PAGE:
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State Department draft says Keystone XL would have little effect on Nebraska’s water, land

August 2, 2018

LINCOLN — Construction and operation of the Keystone XL pipeline on its amended route across Nebraska would have mostly negligible to minor effects on farmland, water resources and the environment, a draft of the “mainline alternative route” has concluded.

The draft report, issued by the U.S. State Department on Monday, was viewed as good news for pipeline developer TransCanada, which is seeking to complete its 36-inch pipeline from the tar sands fields of Alberta to oil refineries on the U.S. Gulf Coast.

A spokesman for the company, Matthew John, said TransCanada is reviewing the document and will provide more information to the State Department “as necessary.”

Opponents of the controversial project, meanwhile, said the Trump administration is attempting a “shortcut” to get the project built without doing legally required environmental studies.

“The Trump administration doesn’t care about water or property rights,” said Jane Kleeb, founder of Bold Nebraska. “Landowners, tribal nations and everyday citizens will continue to fight the Trump administration’s illegal rubber-stamp of a permit for Keystone XL, and this illegal review.”

Lawsuits attempting to block the $8 billion project are underway in Montana and Nebraska. Oral arguments in the Nebraska case are expected as soon as October before the Nebraska Supreme Court. Meanwhile, TransCanada is still assessing whether the project is financially viable.

The State Department’s draft “environmental assessment” focused on the 162-mile detour of the pipeline ordered by the Nebraska Public Service Commission last year when it approved a Keystone XL route across the state.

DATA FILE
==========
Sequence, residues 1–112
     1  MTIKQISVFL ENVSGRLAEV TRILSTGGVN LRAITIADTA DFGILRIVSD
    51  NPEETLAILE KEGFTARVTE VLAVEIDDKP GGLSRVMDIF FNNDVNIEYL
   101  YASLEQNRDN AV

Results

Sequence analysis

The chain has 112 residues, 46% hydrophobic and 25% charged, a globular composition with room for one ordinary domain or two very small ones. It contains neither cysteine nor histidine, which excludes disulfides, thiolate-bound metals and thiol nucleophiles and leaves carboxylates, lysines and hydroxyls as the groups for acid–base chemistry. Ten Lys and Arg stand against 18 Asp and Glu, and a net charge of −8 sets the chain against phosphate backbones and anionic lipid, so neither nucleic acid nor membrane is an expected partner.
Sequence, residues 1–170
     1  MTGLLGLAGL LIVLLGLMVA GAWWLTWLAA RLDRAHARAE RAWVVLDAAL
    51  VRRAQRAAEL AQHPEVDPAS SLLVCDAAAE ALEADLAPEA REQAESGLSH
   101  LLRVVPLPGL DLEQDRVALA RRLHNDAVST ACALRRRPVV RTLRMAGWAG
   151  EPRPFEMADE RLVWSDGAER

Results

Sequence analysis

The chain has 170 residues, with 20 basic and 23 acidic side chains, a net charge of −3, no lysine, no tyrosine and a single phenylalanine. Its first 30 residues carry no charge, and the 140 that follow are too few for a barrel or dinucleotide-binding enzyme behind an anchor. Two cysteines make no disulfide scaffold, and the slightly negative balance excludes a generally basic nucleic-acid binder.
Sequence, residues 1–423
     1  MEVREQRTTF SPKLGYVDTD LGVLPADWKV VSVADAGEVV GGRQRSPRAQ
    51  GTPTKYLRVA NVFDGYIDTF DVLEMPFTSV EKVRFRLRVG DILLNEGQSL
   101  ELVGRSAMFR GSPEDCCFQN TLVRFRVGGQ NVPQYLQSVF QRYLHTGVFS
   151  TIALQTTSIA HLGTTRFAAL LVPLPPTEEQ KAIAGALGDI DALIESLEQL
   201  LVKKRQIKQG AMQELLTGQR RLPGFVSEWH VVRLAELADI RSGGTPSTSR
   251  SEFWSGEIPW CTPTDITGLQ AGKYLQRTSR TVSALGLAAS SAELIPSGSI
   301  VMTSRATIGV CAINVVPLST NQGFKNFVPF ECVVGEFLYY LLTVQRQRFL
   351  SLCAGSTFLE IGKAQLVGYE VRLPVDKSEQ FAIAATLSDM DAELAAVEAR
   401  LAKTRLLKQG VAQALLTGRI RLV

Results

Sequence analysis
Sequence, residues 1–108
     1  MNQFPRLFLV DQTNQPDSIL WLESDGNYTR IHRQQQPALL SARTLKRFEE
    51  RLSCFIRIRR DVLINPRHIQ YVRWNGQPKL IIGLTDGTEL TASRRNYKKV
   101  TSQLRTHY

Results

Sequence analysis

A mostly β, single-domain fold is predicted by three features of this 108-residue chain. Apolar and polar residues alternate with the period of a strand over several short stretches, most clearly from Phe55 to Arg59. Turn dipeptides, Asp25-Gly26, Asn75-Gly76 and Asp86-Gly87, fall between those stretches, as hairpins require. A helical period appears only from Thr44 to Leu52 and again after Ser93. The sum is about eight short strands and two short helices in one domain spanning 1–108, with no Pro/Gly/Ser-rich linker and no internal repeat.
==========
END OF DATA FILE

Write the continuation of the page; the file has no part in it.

The detour, known as the mainline alternative route, cuts diagonally across Antelope and Madison Counties in northeast Nebraska, then parallels the existing Keystone pipeline from Stanton County to Jefferson County.

The study concluded that the 36-inch pipeline would have negligible effects on farming and grazing operations because it would be buried at least 48 inches below the surface. Topsoil would be saved during construction and replaced, though it would take one to five years for the land to totally recover.

Operation and maintenance of the pipeline could accelerate erosion, soil compaction and productivity of crops, but the report said those effects would be “very localized” and “minor.”

Some landowners have testified that river bluffs crossed by the pipeline are prone to landslides, bringing the potential of a leak that would spread contamination miles downstream. The report said that while the pipeline would increase potential for landslides, TransCanada proposes to use “specialized pipeline installation techniques” to insulate the pipeline from minor earth movements.

Construction would bring economic benefits, the report said, including $12 million in payroll a year for two years. But it said that only 13 permanent jobs would be created.

The report said two pipeline leaks along TransCanada’s Keystone pipeline were caused by an improper weld and damage during construction, respectively, releasing 17,000 gallons and 408,000 gallons of crude oil in rural areas of South Dakota. But the releases did not affect local aquifers, the report stated.

A farmer whose land is on the pipeline route, Art Tanderup of Neligh, Nebraska, said he thinks the State Department is trying to push the project forward.

Tanderup, who donated some of his land on the route to the Ponca Indian Tribe and is a party to the Nebraska lawsuit, said soils on the pipeline path are porous in places, and he remains worried that the pipeline will leak and contaminate groundwater.

“Once those chemicals (from a pipeline spill) get in the aquifer, they cannot be cleaned up,” he said. “It’s not a good place to be running a tar sands pipeline.”

The public has until Aug. 29 to comment on the draft report.

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